Ballmer offers more on 'Windows Cloud'

In France, CEO Steve Ballmer offers a few more tidbits on the cloud-based development environment to be introduced in a few weeks.

Microsoft CEO Steve Ballmer on Thursday promised it won't be long before the world gets to meet what he is calling "Windows Cloud"--something that acts like Windows but operates over the Internet.

"Just as we have an operating system for the PC, for the phone, and for the server, we need a new operating system that runs in the Internet," Ballmer said Thursday in a speech before France's CIGREF (Club Informatique des Grandes Entreprises Françaises). "I bet we'll call it Windows something. We're going to announce it in four weeks. We might even have a trademark by then. So, for today I'll call it Windows Cloud. And Windows Cloud will be a place where you can run arbitrary applications up in the Internet that runs .NET."

Steve Ballmer
CEO Steve Ballmer Microsoft

Ballmer first mentioned the "Windows Cloud" name in a speech in London earlier this week. Microsoft is expected to unveil "Windows Cloud" (whether it bears that name or not) at its Professional Developers Conference, which takes place the last week of October in Los Angeles.

Microsoft has already unveiled its Live Mesh, a consumer-based service that synchronizes data across multiple devices. The software maker has promised that application developers will also be able to write Mesh-based applications and that the tools to do so will be detailed at the PDC. Windows Cloud appears to go significantly beyond that, however.

The move into cloud computing, Ballmer said, will require a shift in Microsoft's overall developer tools, Ballmer said on Friday. "Part of that means putting .Net in the browser, which we've done with our Silverlight technology," Ballmer said, according to a transcript posted on Microsoft's Web site. "And yet I don't think the whole world lives in a browser. PC applications have better user interface, and you can integrate them more. Browser applications run on non-Windows machines, and they're easier to manage. We need to bring the benefits of both of those things together on Windows, and through our Silverlight technology permit the targeting of other systems."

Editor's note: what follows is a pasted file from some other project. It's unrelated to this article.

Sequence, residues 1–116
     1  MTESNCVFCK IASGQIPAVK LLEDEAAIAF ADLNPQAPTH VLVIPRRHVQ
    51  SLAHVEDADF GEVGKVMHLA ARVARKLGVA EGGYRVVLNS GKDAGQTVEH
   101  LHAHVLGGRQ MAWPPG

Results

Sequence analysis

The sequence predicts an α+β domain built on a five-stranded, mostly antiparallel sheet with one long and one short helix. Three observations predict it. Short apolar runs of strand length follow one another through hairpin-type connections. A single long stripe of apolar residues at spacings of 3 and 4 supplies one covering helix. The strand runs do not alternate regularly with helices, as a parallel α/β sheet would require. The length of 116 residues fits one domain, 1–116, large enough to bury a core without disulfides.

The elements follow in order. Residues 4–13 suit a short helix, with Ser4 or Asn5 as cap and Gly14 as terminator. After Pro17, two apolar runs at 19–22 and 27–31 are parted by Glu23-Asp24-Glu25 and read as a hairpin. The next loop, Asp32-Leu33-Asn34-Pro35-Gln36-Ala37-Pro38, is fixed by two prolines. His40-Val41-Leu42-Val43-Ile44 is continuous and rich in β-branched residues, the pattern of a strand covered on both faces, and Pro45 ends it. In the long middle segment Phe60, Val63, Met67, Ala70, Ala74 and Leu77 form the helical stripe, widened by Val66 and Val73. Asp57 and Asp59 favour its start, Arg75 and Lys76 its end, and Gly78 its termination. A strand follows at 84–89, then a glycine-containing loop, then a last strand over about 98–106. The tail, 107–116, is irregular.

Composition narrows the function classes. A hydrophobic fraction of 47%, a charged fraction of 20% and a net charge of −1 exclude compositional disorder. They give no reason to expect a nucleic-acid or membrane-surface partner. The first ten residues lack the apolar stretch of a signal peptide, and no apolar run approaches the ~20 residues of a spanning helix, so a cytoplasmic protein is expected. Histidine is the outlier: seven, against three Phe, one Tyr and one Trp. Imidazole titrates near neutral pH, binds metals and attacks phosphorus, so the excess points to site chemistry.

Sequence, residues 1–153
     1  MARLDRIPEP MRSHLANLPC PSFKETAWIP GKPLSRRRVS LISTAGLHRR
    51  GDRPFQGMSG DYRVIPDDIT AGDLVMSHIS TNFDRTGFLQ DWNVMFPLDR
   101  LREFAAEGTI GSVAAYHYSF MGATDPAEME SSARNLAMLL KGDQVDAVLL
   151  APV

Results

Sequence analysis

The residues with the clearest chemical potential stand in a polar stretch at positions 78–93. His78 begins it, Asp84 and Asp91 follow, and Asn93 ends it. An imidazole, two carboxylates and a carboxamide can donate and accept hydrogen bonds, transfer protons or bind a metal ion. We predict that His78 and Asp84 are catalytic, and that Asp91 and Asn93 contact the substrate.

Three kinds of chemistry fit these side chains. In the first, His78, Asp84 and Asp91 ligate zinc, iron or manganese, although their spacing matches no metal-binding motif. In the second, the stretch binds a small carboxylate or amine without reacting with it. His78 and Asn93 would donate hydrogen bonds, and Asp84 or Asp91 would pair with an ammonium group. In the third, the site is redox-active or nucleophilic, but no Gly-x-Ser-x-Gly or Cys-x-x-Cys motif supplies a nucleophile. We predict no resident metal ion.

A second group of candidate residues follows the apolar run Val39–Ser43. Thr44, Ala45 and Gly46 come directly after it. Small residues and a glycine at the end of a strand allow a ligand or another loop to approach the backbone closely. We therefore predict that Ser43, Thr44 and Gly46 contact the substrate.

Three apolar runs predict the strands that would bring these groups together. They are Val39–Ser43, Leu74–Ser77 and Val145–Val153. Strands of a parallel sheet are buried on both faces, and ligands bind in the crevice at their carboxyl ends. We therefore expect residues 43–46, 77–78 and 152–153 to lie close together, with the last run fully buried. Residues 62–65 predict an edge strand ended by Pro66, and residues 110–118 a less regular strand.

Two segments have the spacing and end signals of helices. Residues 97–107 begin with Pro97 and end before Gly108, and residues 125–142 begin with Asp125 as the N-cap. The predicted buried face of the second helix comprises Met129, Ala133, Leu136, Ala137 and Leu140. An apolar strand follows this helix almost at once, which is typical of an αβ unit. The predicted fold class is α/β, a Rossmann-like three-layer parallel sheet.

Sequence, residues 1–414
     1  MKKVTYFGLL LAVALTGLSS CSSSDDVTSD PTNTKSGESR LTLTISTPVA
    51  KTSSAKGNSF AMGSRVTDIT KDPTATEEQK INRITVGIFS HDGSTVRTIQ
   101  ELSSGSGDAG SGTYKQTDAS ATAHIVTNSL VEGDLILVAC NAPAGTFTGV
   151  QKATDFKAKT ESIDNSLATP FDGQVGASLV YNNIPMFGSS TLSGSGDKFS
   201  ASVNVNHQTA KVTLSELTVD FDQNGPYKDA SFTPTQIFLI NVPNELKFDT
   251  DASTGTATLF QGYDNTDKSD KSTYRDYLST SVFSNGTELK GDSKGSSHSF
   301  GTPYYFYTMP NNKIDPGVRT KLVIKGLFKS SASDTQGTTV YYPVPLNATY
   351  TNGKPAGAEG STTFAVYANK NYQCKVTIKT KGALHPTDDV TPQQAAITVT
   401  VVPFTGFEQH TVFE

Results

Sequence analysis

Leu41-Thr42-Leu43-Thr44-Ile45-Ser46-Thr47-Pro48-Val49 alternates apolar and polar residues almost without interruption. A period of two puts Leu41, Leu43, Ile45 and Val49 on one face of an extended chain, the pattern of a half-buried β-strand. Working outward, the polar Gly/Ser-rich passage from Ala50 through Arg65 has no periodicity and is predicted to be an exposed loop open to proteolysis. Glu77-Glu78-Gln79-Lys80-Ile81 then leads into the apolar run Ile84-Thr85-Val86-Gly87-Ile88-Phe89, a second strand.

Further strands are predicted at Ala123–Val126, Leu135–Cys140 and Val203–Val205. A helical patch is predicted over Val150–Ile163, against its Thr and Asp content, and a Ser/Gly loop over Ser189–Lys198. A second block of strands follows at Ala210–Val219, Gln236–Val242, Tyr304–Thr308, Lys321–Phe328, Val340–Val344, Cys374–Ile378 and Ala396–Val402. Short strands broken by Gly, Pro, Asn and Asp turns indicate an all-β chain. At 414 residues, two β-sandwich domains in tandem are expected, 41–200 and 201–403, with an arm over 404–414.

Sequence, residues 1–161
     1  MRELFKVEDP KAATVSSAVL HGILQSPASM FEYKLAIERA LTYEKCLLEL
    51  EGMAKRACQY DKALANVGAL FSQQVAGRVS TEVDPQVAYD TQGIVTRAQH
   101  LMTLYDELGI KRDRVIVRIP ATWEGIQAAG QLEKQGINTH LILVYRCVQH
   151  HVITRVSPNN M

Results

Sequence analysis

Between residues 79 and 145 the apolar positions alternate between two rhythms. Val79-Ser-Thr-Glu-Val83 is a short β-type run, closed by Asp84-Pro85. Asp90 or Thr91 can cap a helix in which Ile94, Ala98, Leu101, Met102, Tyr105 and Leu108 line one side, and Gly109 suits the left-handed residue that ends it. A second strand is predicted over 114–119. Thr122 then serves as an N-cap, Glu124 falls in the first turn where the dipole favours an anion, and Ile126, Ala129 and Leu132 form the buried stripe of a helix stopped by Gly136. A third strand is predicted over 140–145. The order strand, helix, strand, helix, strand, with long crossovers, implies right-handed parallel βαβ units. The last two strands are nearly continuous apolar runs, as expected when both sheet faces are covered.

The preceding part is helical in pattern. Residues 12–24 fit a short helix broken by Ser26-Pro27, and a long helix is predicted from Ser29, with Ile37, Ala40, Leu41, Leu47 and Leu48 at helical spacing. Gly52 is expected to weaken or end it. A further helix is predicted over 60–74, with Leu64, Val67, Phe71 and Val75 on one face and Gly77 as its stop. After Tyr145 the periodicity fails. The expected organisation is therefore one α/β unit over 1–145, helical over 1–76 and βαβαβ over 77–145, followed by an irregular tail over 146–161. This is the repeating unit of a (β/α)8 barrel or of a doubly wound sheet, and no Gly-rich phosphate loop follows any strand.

Ballmer also talked about desktop Windows at the event, first addressing Vista and then talking briefly about its successor, Windows 7.

"Windows Vista is a product where we made some very conscious choices for some very good reasons that have been very painful," Ballmer said. However, he said that the company has now shipped about 180 million copies of the operating system.

"Deployments in large corporations are now ramping up quite nicely across the world, but in the enterprise I would say we are still earlier."

He then promised that Windows 7, as the company has been saying, will be compatible with Vista.

"No more breaks," Ballmer said. "So, any work we're doing together with you or you're doing on your own to test your applications for Vista compatibility will also apply to Windows 7. We hope you choose to deploy with Vista, but all of that work is good, important work for the long term."

Microsoft plans to release a pre-beta version of Windows 7 to developers attending the PDC.

He also said that Vista has lived up to its target of being, statistically speaking, the most secure version of Windows to date.

Ballmer also talked about the shifting expectations people have for software, pointing to the MySpace generation as one that expects people to have social capabilities built-in to their software.

"The young people you hire today, they grow up on MySpace, Facebook, and instant messaging," Ballmer said. "They grow up with a fundamental notion that applications have knowledge of other people. In order for business applications to go that direction, we need to provide fundamental platform operating system services that really provide what I might call the social web or the social graph."

 

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